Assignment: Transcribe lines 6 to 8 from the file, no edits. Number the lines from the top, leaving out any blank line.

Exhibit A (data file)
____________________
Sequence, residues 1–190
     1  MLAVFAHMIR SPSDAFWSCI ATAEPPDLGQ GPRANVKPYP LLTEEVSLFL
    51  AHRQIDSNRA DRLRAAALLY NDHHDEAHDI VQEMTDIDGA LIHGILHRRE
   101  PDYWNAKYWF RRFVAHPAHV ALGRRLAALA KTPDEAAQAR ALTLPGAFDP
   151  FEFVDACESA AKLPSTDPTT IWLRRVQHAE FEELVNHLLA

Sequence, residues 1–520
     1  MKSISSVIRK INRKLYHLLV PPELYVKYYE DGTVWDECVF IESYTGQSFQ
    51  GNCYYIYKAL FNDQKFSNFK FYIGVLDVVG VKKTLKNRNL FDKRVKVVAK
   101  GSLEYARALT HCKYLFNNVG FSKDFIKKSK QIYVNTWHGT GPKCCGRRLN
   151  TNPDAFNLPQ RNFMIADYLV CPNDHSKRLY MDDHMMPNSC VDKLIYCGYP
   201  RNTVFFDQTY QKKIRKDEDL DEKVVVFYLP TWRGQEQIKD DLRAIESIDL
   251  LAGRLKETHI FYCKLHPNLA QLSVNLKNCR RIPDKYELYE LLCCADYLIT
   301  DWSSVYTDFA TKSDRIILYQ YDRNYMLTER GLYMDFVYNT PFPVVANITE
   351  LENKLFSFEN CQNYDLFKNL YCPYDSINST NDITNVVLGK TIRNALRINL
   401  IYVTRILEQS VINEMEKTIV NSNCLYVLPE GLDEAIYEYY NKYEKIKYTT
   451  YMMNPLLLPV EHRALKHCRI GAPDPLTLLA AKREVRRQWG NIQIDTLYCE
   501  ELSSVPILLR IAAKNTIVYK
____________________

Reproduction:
Sequence, residues 1–520
     1  MKSISSVIRK INRKLYHLLV PPELYVKYYE DGTVWDECVF IESYTGQSFQ
    51  GNCYYIYKAL FNDQKFSNFK FYIGVLDVVG VKKTLKNRNL FDKRVKVVAK